Results 2 resources
Nwachukwu, F. C. (2019). Is the Belt and Road Initiative in Africa Sustainable? The Journal of the Macau Ricci Institute, 4. https://mrijournal.riccimac.org/index.php/en/issues/issue-4/51-is-the-belt-and-road-initiative-in-africa-sustainable
In 2000, the China-Africa relationship was further strengthened with the establishment of the Forum on China-Africa Cooperation (FOCAC). The FOCAC offers a platform for consultation and cooperation mechanisms aimed at deepening diplomatic, security, trade and investment relations between China and African countries. Later came the Belt and Road Initiative (BRI) in 2013, an international trade network initiated by China that connects the three continents of Asia, Europe and Africa. The BRI focuses on the following key areas: cultural exchange; policy coordination; facilities connectivity; trade and investment; and financial integration. The BRI shares development objectives similar to those of the United Nations’ Sustainable Development Goals (SDGs). In fact, the BRI implements part of the SDGs and provides a practical mechanism to strengthen the Sino-Africa relationship, which Africa can leverage to meet its Sustainable Goals. Africa is linked through the “Road” of the BRI plan and has received infrastructural projects funded by China to facilitate trade and integration of the national economies along the trading route. Through the establishment of Economic and Trade Zones which attracts investments from Chinese companies, and building infrastructures such as sea ports and railways, China through the BRI framework is helping Africa meet UN SGD Goal 9 concerning industry, innovation and infrastructure. A practical effect is that the BRI is helping African countries overcome the infrastructure gap, create jobs, acquire skills and promote integration between countries.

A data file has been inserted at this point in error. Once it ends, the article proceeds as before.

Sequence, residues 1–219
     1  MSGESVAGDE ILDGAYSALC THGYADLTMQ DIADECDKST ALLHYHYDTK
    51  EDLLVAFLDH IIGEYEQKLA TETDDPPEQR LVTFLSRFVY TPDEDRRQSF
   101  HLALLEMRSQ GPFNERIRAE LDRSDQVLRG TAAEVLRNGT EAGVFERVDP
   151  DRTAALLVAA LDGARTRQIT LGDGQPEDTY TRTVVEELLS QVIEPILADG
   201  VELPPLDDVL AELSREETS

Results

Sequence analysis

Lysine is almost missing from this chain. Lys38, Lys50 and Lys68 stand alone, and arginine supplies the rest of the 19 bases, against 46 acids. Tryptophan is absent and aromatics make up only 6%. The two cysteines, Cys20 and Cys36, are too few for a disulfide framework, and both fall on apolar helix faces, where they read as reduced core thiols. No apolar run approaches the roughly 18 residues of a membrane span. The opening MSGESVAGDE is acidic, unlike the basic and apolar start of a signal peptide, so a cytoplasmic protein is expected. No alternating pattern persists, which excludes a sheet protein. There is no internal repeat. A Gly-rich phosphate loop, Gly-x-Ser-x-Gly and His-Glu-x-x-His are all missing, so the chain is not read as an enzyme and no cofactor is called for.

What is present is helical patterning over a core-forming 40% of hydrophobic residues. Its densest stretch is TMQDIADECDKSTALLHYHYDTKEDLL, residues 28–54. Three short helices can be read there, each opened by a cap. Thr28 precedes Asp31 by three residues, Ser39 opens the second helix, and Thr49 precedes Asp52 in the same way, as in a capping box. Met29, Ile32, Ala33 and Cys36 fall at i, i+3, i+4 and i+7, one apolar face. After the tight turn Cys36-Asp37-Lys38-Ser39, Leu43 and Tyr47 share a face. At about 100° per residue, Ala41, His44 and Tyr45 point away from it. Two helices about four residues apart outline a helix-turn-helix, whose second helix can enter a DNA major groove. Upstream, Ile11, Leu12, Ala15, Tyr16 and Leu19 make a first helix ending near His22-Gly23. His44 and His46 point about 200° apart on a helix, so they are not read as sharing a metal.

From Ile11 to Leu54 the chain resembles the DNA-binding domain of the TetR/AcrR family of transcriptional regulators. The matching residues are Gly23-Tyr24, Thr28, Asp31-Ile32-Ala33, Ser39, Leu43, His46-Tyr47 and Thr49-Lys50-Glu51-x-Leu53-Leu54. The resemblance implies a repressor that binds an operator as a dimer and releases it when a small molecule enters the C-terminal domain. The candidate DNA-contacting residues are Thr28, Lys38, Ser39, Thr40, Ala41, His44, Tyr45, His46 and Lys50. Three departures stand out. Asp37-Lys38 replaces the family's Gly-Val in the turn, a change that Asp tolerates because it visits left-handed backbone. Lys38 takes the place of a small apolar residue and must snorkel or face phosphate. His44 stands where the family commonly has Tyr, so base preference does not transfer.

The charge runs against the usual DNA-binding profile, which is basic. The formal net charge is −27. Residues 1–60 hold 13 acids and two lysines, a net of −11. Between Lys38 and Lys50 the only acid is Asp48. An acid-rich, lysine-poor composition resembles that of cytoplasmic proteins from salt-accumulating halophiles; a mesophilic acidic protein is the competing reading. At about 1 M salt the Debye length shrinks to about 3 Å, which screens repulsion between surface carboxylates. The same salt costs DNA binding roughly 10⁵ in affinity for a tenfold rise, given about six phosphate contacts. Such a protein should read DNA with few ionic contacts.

Phillips, J. O. L. (2018). Open Innovation as Means of Building Social Capital: A Way to Globalization for Traditional SMEs. Journal of Strategic Innovation and Sustainability, 13(2). https://doi.org/10.33423/jsis.v13i2.611
This research explores innovation of traditional SMEs that do not actively invest in innovation. Elements of open innovation have been identified in these firms in their effort to build social capital which they perceive as pertinent to their businesses. The result of the research shows that instead of using social capital as means for innovation, the unintentional practice of open innovation has contributed to the development of social capital, which further opens up potential for globalization. As a result, a model of open innovation as means of developing social capital for enhancing globalization potential for SMEs was developed.